triyoga’s Symposium on Cultural Appropriation drew together a learned panel to explore the delicate question of cultural appropriate and yoga. ‘Cultural appropriation’ is the criticism that white people take cultural artefacts – ideas, styles, yoga – from people of colour, change them, commodify them, and sell them. It’s the idea that dominant, white, imperialist groups do this with no understanding or respect for the sacredness of these ideas and practices, and in the process perpetuate power imbalances and cause offence to the lineage holders of these traditions.
The full recording is available here.
‘I don’t believe that god belongs to anyone’ – Max Strom
‘I don’t believe that god belongs to anyone, that any one tradition is better than another. Ultimately spirituality is a mystical tradition, a first-hand experience… I’ve met so many people who have upheld the traditions but have lost their joy and kindness and compassion.’
Asked to speak on behalf of the West and its contribution to yoga, with a self-deprecating flourish Max said, ‘Some of the teachers that came and brought yoga to us – we didn’t go steal yoga – some of them weren’t nice. Some were nice. Some left in scandal. Some taught us things for which we will be forever grateful. I think the West is now bringing science, studying the neurological, positive effects of yoga… yoga is becoming safer.’ Max suggested that ‘we have to be selective in which traditions we integrate. We need to ask questions and I don’t think it’s petulant to do so.’
‘maintain humbleness and humility’ – Dr Stacie CC Graham
Stacie said we need to appreciate yoga is a tradition stemming from South Asia. It’s in the UK because of colonialism and the British empire: ‘How we practice today has to be seen in that historical context.’ In teaching, she spoke of meeting people where they’re at, of not reaching to beads, statues and incense when done for the appearance of authenticity.’
She noted the subtle forms of discrimination that keep people from a class: cost, type of body, clothes, and her teacher training programme created specifically for women of colour. Born out of a real desire to create access for people who wouldn’t normally have it, ‘an opportunity for black and brown women to train together… the guard is down because you’re training with people who have similar points of departure.’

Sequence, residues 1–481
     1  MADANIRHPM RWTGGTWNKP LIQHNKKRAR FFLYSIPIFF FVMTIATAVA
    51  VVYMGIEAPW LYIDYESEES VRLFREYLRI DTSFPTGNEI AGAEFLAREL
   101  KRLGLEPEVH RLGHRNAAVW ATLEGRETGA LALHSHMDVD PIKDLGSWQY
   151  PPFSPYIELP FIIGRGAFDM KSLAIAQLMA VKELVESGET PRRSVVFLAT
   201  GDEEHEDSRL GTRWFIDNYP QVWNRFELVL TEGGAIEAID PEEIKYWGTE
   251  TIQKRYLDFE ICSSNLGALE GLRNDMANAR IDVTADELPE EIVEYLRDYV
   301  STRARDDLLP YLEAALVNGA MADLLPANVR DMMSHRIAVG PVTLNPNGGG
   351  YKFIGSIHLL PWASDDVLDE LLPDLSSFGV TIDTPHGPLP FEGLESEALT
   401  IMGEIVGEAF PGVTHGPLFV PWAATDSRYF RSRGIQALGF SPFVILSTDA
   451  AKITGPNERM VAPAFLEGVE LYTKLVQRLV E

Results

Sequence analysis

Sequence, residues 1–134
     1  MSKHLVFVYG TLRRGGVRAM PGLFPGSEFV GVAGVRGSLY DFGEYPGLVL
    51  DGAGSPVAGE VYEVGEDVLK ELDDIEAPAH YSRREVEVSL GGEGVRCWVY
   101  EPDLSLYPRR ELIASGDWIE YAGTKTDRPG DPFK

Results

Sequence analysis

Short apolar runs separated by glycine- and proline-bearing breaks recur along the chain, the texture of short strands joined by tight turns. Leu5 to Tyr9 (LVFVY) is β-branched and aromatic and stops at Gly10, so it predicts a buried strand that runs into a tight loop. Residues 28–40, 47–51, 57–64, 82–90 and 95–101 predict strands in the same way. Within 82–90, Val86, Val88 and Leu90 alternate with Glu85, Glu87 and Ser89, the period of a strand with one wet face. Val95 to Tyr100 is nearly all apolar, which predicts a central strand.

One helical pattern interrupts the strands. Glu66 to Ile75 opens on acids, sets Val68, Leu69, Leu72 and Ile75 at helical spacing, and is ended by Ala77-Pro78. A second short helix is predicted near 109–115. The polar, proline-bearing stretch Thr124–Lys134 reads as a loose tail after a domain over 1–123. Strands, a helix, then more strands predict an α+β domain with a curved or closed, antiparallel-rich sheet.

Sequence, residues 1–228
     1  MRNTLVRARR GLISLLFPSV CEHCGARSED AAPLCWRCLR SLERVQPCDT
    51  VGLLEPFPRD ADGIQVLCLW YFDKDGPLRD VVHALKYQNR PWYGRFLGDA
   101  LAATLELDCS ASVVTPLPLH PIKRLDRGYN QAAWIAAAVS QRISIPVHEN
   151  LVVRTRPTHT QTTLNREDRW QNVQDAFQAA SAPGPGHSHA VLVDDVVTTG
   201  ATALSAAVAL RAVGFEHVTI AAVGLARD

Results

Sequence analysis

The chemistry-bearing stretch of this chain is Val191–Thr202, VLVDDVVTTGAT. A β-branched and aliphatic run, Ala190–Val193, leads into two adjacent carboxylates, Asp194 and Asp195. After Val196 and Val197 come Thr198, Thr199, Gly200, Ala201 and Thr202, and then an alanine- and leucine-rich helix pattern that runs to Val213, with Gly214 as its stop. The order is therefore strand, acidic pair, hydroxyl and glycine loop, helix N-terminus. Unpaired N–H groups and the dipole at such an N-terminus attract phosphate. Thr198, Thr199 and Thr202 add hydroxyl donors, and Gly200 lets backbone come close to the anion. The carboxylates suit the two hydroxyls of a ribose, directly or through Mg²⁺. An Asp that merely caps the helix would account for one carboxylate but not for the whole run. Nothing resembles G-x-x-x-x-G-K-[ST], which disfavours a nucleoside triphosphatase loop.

‘the best we can do is listen’ – Jason Birch
Jason spoke of the benefits of studying yoga’s history, the personal practice of many academics, and the political agendas behind cultural appropriation and the promotion of yoga as part of Hinduism worldwide. ‘Education in the history [of yoga] helps to enrich the culture around the practice. Academic work, not only in the West but also in India, where there has been a lot of work going on in the history and practice of yoga, has made a very valuable contribution to our understanding of yoga.’
In relation to the spread of ideas, he said, ‘You can’t seal off cultures and stop ideas moving from one to another. It’s inevitable. It’s so valuable… It’s the history of modern yoga and goes back to the medieval period when people in India were appropriating yoga practices which were coming to the fore, whether they were Śaiva, Vaiṣṇava, and so on.’
‘we need to find the truth stream that resonates with us’ – Sally Kempton
‘I fall into that category of Western women who fell in love with their guru. My heart had been struck and opened by the transmission from my teacher. He took me to India and immersed me in an ashram culture. Did this feel weird to live as an Indian swami in a culture that was not my own? What felt weird for me coming from a journalist background was to be plunged into a religious culture.’
Beginning her studies with Swami Muktananda 45 years ago Sally became his cultural interpreter: ‘Aspects of your natural cultural are overlooked, sacrificed in an experience of personal transformation – experiencing the self as ātman, of truth, of love… My guru’s aim was to translate those teachings into a way that people could relate to.’
‘just because you want to doesn’t mean you have a right to’ – Satish K Sharma
For Satish, ‘The freedom to traipse around in the intellectual mind webs of other nations is damaging.’ He defines an ācārya as one who has been entrusted as a custodian to ensure that the tradition is preserved and passed on for further generations. He warned, ‘each and every one who wants to walk this path should know they do not know as much as they think they do.’ He said, ‘We’re very happy for people to practice. It’s only when people step onto a stage and say this is yoga. We are all facets of the same diamond and exploration is a part of that.’